— Veteran NBA coach Terry Stotts hasn't had much luck over his career, taking over weak teams in Atlanta and Milwaukee, then seeing his Portland team lose four starters last summer through free agency and trades. The Trail Blazers were expected to be one of the worst teams in the league, but Stotts and his staff have done a remarkable job building around small scoring guards Damian Lillard and C.J. McCollum. Portland is currently sixth in the West, with a chance to run down Memphis for the No. 5 spot and a first-round series against the talented but erratic Clippers. Look for Stotts to get plenty of support in the Coach of the Year balloting, and I wouldn't be surprised if he wins it.

— Did you catch the video of Lakers' back-up guard Marcelo Huertas hiding behind Miami Heat coach Erik Spoelstra, then running back into play to steal the ball from behind. Huertas looks like a guy who came out of the stands to put on an NBA uniform, and it's hard to believe the proud Lakers' franchise would give him a roster spot, but at least he provided one of the funniest moments of the regular season.

Warriors' pursuit of 72 wins

Golden State is staggering a bit trying to get to the finish line. They should have lost last Wednesday at Utah, but the Jazz couldn't make their free throws down the stretch and wound up losing in overtime. That was followed the next day by the NBA's official review of officiating in the final two minutes that listed several mistakes that were made in favor of the Warriors. Then on Friday, Golden State lost at home for the first time this season to Brad Stevens' feisty Celtics. So, in a season when the Warriors are likely to set the record for wins, San Antonio could become the first team to go through an entire home schedule without a loss. The Spurs play hosts to Golden State on April 10, trying to go to 40-0 at home, so maybe that will be enough incentive for Gregg Popovich to play all his regulars. Still, the Warriors only need to go 4-1 the rest of the way to break the Bulls' record, so I'm keeping it as a 90-percent likelihood they get the job done.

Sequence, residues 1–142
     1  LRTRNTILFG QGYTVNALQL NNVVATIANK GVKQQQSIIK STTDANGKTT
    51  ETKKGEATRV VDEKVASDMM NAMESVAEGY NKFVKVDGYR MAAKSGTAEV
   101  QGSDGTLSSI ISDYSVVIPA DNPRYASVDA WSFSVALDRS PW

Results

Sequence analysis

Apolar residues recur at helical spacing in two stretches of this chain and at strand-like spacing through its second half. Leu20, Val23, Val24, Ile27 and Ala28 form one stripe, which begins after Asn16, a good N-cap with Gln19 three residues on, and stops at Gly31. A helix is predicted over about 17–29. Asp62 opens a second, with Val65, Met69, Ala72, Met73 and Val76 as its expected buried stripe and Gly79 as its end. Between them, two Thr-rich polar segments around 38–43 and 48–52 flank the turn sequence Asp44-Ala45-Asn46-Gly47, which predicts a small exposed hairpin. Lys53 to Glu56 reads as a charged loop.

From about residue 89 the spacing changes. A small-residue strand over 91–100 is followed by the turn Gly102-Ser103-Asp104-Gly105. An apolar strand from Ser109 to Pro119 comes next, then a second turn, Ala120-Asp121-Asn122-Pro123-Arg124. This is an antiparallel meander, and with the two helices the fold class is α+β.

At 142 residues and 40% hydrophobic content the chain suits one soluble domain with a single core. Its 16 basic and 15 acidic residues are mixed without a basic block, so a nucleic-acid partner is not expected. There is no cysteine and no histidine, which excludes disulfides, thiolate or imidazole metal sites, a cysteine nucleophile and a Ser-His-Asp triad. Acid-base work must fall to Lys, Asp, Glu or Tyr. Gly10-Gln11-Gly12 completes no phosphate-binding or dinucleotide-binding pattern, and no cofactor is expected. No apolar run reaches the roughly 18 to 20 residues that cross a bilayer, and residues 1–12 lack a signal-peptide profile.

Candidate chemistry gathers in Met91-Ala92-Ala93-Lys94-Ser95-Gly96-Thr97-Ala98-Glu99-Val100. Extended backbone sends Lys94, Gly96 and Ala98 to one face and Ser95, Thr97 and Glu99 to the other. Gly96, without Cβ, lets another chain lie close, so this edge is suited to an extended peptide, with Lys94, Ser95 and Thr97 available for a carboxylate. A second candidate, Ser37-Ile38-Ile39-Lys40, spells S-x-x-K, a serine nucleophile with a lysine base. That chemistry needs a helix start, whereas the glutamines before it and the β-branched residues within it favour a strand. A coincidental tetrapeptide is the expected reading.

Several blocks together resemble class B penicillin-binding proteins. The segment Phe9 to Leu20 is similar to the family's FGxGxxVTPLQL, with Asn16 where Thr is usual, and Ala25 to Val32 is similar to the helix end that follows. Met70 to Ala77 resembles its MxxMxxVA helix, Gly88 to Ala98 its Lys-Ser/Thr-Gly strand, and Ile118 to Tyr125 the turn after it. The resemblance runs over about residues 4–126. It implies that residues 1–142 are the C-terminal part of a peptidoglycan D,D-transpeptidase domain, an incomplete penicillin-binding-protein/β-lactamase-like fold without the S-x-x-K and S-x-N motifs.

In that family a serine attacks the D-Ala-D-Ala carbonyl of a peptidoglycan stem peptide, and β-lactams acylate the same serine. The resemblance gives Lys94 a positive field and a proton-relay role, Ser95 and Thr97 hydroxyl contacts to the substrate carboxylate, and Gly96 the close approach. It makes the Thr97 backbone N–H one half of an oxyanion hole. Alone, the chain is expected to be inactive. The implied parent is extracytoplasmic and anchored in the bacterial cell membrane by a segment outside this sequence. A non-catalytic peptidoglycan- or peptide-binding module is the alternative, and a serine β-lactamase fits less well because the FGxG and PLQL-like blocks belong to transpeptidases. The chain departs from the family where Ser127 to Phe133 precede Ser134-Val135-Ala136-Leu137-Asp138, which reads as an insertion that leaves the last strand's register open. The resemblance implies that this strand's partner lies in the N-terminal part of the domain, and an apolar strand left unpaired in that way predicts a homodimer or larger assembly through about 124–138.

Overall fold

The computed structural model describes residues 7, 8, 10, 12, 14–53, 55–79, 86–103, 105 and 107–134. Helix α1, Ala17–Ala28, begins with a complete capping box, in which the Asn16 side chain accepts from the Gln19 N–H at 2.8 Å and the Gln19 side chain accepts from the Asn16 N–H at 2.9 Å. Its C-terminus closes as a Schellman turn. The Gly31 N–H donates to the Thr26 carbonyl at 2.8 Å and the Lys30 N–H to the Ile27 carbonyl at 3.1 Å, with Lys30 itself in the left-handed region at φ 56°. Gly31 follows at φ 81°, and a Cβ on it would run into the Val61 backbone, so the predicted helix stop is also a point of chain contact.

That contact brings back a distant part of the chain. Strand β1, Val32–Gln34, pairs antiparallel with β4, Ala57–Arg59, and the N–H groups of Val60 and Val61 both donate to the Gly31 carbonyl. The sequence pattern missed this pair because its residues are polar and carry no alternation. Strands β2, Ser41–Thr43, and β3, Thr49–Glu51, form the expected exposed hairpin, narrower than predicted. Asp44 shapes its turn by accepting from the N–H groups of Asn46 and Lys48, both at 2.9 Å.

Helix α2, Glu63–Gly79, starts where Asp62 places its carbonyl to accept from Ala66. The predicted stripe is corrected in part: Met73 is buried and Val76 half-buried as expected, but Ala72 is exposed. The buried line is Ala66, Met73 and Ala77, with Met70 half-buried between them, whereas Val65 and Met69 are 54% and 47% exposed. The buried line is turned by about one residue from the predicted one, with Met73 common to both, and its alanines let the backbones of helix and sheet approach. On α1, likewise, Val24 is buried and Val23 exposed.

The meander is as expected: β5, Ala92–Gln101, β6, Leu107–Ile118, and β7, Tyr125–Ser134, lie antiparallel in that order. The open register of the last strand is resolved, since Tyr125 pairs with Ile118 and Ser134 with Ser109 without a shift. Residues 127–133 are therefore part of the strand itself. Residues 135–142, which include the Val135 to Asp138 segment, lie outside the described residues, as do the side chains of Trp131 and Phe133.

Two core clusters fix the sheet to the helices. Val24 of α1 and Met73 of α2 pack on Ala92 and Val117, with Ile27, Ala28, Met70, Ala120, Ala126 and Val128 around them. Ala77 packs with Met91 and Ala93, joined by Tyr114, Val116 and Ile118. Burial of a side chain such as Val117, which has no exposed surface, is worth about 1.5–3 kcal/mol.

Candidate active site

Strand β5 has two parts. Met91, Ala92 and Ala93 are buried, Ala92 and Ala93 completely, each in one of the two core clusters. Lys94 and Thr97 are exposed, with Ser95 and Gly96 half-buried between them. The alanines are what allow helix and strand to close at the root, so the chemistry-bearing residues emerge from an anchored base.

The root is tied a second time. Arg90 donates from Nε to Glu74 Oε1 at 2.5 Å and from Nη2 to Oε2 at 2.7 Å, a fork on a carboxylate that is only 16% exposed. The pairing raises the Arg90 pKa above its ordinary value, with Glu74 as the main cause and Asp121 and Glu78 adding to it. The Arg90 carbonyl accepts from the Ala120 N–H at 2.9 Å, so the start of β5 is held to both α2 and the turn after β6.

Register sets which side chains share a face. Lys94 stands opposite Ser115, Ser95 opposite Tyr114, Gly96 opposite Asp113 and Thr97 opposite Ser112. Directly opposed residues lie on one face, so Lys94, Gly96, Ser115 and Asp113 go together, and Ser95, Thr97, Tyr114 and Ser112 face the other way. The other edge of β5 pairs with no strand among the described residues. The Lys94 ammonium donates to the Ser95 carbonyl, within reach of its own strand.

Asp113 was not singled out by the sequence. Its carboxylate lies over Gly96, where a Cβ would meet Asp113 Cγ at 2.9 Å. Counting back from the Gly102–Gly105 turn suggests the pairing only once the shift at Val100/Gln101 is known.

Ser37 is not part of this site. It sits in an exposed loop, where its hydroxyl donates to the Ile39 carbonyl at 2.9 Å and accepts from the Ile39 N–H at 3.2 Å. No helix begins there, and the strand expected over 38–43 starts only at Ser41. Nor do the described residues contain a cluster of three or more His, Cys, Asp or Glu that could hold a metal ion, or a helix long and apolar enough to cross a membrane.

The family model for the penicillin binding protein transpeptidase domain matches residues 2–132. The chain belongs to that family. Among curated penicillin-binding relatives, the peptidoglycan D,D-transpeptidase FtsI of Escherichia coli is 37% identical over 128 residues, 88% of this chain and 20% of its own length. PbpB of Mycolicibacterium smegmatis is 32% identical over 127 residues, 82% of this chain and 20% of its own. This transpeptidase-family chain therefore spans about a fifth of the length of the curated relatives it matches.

Stat of the week

Jimmy  Butler recorded the first triple-double of his NBA career Saturday against Detroit with 28 points, 17 rebounds and 12 assists, in the process becoming the first Bulls guard since Michael Jordan in 1997 to pull down as many as 17 boards.

Quotes of the week

Back to the Russell situation in Los Angeles. Head coach Byron Scott has been critical of the rookie for much of the season and cut back his playing time in January and February. Scott had this to say about the No. 2 overall pick recently: "He's such a kid. I told him the other day, 'You're 19, but sometimes I think you're 14.'" If Scott returns as Lakers coach, he certainly won't be trying to block a Russell trade.

Finally, Scottie Pippen has been one of the few players from the 1995-96 Bulls to openly root against Golden State in their pursuit of the Bulls' single-season record of 72 wins. So, when Pippen was asked who would win a series between the two all-time great squads, Pip said simply, "Bulls in four."

You have to like Scottie's confidence, and I agree the defensive skills of Pippen, Jordan and Dennis Rodman would cause all kinds of problems for Steph Curry & Co. But based on Curry's amazing shot-making ability, I'll give the Warriors one win in the series, maybe two.

Wendell Carter Jr. gets early 'learning experience' against Embiid, Sixers

Wendell Carter Jr. gets early 'learning experience' against Embiid, Sixers

PHILADELPHIA – Picture yourself at 19 years old.

Maybe you were in college. Maybe you hit the job market early.

What you likely weren’t doing was guarding one the NBA’s best centers in your first professional game.

That was the task charged to Wendell Carter Jr. in the Bulls’ 127-108 loss to the 76ers in the season opener at the Wells Fargo Center Thursday.

Carter Jr. was the seventh overall pick in the NBA draft after just one season at Duke. He earned the start in his NBA debut after an impressive preseason, but nothing could’ve prepared him for going up against Philadelphia’s Joel Embiid.